Elasticsearch + Cassandra = Elassandra

Cassandra search difficulties can be solved with Elassandra.

Elassandra is a fork of Elasticsearch modified to run as a plugin for Apache Cassandra in a scalable and resilient peer-to-peer architecture. Elasticsearch code is embedded in Cassanda nodes providing advanced search features on Cassandra tables and Cassandra serve as an Elasticsearch data and configuration store.

Elassandra “Hello World” Example in Docker

  1. docker run --name elassandra-1 -d strapdata/elassandra
  2. docker run --name elassandra-2 -d -e CASSANDRA_SEEDS="$(docker inspect --format='{{ .NetworkSettings.IPAddress }}' elassandra-1)" strapdata/elassandra
  3. docker exec -it elassandra-1 bash
  4. cqlsh
  5. create keyspace if not exists twitter with replication={ 'class': 'NetworkTopologyStrategy', 'DC1': '1' };
  6. create table twitter.user ( 
     username text, 
     mail text, 
     attrs map<text, text>, 
     primary key (username) 
    );

10. exit

Let’s index our Cassandra table with Elasticsearch:

  1. Create an index for our Cassandra table in Elasticsearch.
curl -XPUT "http://localhost:9200/twitter" -d '{
"settings" : { "keyspace" : "twitter" } },
"mappings":{
"user":{
"properties":{
"username":{
"type":"string",
"index":"not_analyzed"
},
"mail":{
"type":"string",
"index":"not_analyzed"
}
}
}
}
}'

And the response of the PUT request will be something like this:

{"acknowledged":true,"shards_acknowledged":true}

2. Discover users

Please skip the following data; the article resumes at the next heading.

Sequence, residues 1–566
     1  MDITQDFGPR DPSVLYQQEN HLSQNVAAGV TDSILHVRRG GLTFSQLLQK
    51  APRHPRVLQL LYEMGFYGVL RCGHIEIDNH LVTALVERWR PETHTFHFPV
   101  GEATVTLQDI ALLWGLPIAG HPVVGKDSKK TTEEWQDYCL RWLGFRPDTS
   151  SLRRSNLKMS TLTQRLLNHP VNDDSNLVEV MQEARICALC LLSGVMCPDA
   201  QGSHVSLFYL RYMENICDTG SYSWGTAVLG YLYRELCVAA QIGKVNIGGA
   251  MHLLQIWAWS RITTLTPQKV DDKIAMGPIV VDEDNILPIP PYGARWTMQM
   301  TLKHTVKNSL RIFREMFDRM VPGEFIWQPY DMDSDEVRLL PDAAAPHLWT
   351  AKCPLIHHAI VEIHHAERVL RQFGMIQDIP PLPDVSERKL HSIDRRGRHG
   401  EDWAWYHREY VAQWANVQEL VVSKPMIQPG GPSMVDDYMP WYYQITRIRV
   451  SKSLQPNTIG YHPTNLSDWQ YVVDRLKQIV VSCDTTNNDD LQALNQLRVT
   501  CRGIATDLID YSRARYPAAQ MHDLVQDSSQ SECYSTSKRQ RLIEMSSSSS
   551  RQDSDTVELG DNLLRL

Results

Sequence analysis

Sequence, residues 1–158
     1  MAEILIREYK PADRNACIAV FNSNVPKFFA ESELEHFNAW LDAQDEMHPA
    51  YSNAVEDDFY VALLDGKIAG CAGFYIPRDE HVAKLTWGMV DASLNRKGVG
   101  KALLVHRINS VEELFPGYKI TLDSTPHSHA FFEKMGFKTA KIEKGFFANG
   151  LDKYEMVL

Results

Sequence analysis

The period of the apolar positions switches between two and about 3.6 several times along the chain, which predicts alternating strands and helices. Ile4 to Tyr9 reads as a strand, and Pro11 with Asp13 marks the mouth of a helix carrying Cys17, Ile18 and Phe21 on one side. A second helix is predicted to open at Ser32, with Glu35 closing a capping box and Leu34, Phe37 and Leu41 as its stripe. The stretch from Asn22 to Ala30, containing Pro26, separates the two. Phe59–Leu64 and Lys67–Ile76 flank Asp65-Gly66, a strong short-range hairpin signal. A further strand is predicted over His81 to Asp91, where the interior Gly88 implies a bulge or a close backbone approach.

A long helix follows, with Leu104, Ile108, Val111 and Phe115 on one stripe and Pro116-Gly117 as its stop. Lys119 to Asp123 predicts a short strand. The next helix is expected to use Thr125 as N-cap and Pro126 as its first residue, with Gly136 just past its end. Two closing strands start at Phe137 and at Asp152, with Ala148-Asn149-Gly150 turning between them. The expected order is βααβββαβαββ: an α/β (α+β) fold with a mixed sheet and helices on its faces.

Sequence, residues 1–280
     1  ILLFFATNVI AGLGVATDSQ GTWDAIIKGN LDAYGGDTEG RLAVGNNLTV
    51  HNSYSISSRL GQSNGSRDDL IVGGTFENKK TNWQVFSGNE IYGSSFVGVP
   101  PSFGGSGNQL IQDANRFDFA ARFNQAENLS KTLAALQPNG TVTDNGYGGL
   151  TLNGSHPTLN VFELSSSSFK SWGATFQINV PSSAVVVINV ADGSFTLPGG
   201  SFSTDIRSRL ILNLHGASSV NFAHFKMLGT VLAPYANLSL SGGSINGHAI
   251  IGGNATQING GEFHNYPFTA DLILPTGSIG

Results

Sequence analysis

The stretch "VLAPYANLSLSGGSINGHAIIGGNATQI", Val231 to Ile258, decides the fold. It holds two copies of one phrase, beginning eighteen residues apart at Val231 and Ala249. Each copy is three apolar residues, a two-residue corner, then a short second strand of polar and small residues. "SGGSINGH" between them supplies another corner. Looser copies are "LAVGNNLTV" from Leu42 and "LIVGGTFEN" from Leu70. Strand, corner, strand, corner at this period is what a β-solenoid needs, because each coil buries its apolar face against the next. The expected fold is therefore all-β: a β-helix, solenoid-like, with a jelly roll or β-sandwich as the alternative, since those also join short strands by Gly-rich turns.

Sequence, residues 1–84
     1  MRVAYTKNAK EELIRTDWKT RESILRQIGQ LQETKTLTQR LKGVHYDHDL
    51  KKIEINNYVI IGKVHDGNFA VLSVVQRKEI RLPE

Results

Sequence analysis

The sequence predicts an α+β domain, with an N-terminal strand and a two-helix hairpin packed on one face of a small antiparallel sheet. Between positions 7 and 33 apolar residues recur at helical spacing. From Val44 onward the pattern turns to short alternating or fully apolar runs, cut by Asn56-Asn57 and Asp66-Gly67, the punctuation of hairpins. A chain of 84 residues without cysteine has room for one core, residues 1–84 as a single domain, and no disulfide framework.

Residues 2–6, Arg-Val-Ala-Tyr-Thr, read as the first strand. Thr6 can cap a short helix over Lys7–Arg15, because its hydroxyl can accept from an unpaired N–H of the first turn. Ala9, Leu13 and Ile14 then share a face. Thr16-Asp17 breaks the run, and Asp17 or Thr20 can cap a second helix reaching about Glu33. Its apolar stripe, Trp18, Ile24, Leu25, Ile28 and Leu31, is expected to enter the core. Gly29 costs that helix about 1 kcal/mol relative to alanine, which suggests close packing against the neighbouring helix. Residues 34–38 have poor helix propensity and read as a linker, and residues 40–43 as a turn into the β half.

curl -XPUT "http://localhost:9200/twitter/_mapping/user" -d '{
"user" : {
"discover" : "[a-zA-Z].*",
"properties" : {
"name" : {
"type" : "string",
"index" : "analyzed"
}
}
}
}'

Let’s add some records to Cassandra:

  1. cqlsh
  2. insert into twitter.user (username, mail, attrs) values ('cilesizemre', 'cilesizemre@gmail.com', {'name': 'Emre', 'surname': 'Cilesiz'});
  3. exit

Let’s search:

curl 'localhost:9200/twitter/user/_search?pretty=true&q=mail:cilesizemre@gmail.com'

And the response will be something like this:

{
"took" : 11,
"timed_out" : false,
"_shards" : {
"total" : 2,
"successful" : 2,
"failed" : 0
},
"hits" : {
"total" : 1,
"max_score" : 0.2876821,
"hits" : [
{
"_index" : "twitter",
"_type" : "user",
"_id" : "cilesizemre",
"_score" : 0.2876821,
"_source" : {
"mail" : "cilesizemre@gmail.com",
"attrs" : {
"name" : "Emre",
"surname" : "Cilesiz"
},
"username" : "cilesizemre"
}
}
]
}
}

As a final note: Don’t forget, Elessandra uses Cassandra secondary indexes. This can cause performance problems.